Interested in lightning? Here are Top 10 most interesting and surprising facts about this awesome phenomenon:

1. Can lightning strikeout of a blue sky? Yes, almost.

Some lightning bolts can appear to hit from a clear blue sky. A “Bolt from the Blue” is a cloud-to-ground lightning bolt, which comes from the side of the thunderstorm cloud and travels through clear air away from the storm, eventually striking the ground. They can strike tens of kilometers from the thunderstorm, under the clear, blue sky, hence the name.

Bolt from the blue from the updraft tower on a storm in central Slovenia on July 21, 2016. Photo: Marko Korošec.

While most bolts from the blue hit within several tens of kilometers of the thunderstorms, they can reach much further out. A bolt from the blue struck 74 km (46 miles) ahead of an advancing squall line near Ponca City, Oklahoma on June 25, 2018.

Not feeling very safe? How about this? The longest detected lightning bolt happened on June 20, 2007 in Oklahoma. Remote lightning sensors detected a bolt which covered a horizontal distance of 321 km (199.5 miles). The bolt propagated from the main storm updraft along the stratiform anvil region of the storm (anvil crawler). Along the way, the lightning bolt produced 13 cloud-to-ground strikes. While technically not a bolt from the blue, the distance from the main thunderstorm updraft makes this a record-setting event.

2. The most time a single person was hit by lightning – 7 times!
United States park ranger Roy Cleveland Sullivan was hit by lightning 7 times. He was first struck in 1942 at age 30 and the last time in 1977 at age 65. He survived all 7 strikes, earning him the nicknames “Human Lightning Conductor” and “Human Lightning Rod”.

All seven strikes were documented by the superintendent of Shenandoah National Park, R. Taylor Hoskins. He was not, however, present during any of the seven reported events.

It is extremely unlikely that Mr. Sullivan was actually hit directly 7 times, rather at least some of the hits were indirect.

3. The place with the most lightning in the world is Lake Maracaibo, Venezuela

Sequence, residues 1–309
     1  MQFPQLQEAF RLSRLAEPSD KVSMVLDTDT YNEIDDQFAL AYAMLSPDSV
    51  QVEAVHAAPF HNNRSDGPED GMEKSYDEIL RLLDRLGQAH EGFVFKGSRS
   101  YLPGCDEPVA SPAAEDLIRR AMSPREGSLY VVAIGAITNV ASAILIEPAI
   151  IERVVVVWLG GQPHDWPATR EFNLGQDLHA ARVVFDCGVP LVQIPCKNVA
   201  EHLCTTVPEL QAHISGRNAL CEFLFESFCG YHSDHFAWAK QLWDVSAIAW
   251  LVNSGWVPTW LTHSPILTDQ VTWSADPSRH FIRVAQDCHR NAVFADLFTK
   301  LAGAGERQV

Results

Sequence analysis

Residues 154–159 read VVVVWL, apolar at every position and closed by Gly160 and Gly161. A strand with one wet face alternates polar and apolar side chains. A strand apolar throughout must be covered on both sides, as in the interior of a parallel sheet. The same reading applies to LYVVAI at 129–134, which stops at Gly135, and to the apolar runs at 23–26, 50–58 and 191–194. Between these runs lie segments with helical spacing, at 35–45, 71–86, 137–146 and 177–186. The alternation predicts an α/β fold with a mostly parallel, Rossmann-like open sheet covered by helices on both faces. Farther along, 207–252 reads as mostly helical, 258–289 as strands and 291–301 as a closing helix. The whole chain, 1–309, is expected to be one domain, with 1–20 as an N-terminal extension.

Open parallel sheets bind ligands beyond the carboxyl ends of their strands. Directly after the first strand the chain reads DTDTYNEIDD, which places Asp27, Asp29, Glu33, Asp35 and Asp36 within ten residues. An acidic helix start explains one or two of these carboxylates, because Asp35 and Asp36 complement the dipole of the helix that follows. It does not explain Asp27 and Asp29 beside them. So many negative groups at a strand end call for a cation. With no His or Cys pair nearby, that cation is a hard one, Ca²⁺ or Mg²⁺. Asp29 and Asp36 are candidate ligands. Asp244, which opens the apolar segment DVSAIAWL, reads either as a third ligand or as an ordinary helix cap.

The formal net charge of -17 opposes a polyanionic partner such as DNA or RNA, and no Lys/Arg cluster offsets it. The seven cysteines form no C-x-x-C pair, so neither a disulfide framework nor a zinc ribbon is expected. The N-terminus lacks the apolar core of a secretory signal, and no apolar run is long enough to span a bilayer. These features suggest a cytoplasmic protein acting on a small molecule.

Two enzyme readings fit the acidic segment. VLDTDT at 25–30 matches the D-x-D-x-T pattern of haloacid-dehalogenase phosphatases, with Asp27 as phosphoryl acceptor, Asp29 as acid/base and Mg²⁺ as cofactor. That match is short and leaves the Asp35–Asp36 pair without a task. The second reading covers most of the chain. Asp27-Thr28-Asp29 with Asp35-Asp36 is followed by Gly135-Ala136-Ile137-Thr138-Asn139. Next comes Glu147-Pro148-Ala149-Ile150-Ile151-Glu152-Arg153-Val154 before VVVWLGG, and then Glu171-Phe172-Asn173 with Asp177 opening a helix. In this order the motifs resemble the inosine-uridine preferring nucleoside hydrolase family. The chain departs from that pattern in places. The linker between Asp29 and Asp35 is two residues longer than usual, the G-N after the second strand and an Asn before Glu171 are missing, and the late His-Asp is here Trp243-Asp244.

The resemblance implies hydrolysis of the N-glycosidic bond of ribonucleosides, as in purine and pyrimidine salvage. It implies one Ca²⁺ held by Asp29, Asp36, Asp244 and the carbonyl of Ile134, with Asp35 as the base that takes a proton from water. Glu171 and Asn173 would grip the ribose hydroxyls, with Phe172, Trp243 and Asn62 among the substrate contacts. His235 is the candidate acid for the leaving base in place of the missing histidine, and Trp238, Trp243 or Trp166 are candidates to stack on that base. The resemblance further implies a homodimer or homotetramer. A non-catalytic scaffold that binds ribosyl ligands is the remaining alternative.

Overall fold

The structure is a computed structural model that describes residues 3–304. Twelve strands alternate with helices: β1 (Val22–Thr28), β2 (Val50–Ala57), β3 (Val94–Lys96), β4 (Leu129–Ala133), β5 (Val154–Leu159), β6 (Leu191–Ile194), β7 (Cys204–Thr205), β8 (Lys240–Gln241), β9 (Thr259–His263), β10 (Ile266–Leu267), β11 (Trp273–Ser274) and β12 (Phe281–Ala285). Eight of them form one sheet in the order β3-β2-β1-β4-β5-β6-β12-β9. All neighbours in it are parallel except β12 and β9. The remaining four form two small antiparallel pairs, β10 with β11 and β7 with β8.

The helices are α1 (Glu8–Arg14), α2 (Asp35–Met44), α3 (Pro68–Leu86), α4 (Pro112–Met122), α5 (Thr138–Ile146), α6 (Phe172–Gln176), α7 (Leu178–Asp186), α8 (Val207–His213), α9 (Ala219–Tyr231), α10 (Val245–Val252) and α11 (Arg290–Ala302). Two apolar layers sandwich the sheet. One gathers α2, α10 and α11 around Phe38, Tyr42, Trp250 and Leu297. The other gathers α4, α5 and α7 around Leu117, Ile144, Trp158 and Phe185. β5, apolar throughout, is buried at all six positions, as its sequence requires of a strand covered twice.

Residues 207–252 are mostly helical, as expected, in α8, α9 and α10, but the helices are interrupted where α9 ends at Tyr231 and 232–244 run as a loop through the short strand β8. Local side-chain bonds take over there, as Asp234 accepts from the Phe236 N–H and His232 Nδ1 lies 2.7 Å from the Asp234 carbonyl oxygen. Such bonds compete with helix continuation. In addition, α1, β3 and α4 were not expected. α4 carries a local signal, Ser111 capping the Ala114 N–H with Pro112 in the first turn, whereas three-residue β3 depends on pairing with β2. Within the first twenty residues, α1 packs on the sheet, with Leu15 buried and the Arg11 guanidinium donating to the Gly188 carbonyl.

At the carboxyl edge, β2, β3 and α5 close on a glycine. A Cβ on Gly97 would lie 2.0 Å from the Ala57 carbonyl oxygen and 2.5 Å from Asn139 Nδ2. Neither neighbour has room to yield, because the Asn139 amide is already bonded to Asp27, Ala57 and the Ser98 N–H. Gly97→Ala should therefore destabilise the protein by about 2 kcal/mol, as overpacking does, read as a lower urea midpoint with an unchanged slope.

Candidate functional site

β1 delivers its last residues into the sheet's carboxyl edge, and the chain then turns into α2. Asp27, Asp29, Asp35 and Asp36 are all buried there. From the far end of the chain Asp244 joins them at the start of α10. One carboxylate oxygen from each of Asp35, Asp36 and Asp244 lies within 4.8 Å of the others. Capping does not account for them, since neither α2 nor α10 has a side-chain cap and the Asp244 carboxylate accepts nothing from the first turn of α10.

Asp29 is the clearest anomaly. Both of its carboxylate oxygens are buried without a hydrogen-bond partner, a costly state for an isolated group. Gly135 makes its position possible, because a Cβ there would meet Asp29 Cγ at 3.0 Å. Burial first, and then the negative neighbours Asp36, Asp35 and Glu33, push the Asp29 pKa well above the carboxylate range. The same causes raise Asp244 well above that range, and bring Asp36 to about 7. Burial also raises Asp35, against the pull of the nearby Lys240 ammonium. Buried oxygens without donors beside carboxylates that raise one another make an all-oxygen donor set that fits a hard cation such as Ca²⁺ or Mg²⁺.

The place with the most lightning in the world is in above the Catatumbo river, feeding into Lake Maracaibo, Venezuela. Up to nearly 150-300 lightning days per year, 30 lightning flashes per minute and 233 lightning flashes per square kilometer per year.

Comparison of lightning flash rate for Lake Maracaibo and Lake Victoria, the previous record holder for the highest lightning rate in the world. Units are in lightning flashes per square kilometer per year. Map: University of São Paulo.

Learn more:

The place with the most lightning in the world



4. Central Florida, USA gets so much lightning it is dubbed “Lightning Alley”
The area from Tampa to Orlando and Tampa to Titusville, Florida gets so much lightning activity, it has been dubbed “Lightning Alley”. By various sources, the area receives anything between approximately 10 and 35 lightning flashes per square kilometer per year.

5. The place with the most lightning in Europe is northeastern Italy
Europe gets its fair share of lightning, particularly during the summer months. But the place with the most lightning is the Friuli region in northeastern Italy – with over 50 days with lightning per year. And, according to analyses, thunderstorm frequency in this area is increasing.

Big lightning barrage over the north Adriatic on September 24, 2017. Photo: Marko Korošec.


On to the next 5 interesting and surprising lightning facts

6. In 1769 lightning struck the Church of St. Nazaire in Brescia, North Italy igniting 90 tonnes of gunpowder.

This event, also known as the Brescia explosion happened on August 1769. A lightning bolt struck the Bastion of San Nazaro where the Republic of Venice stored no less than 90 000 kg of gunpowder. The massive explosion hurled large stones up to a kilometer from the site, hitting buildings and people. City gates were blown open as were doors of houses and shops. Reports indicate about a sixth of the city was destroyed and possibly up to 3000 people died in the blast, although an official account reports 400 fatalities and 800 injuries.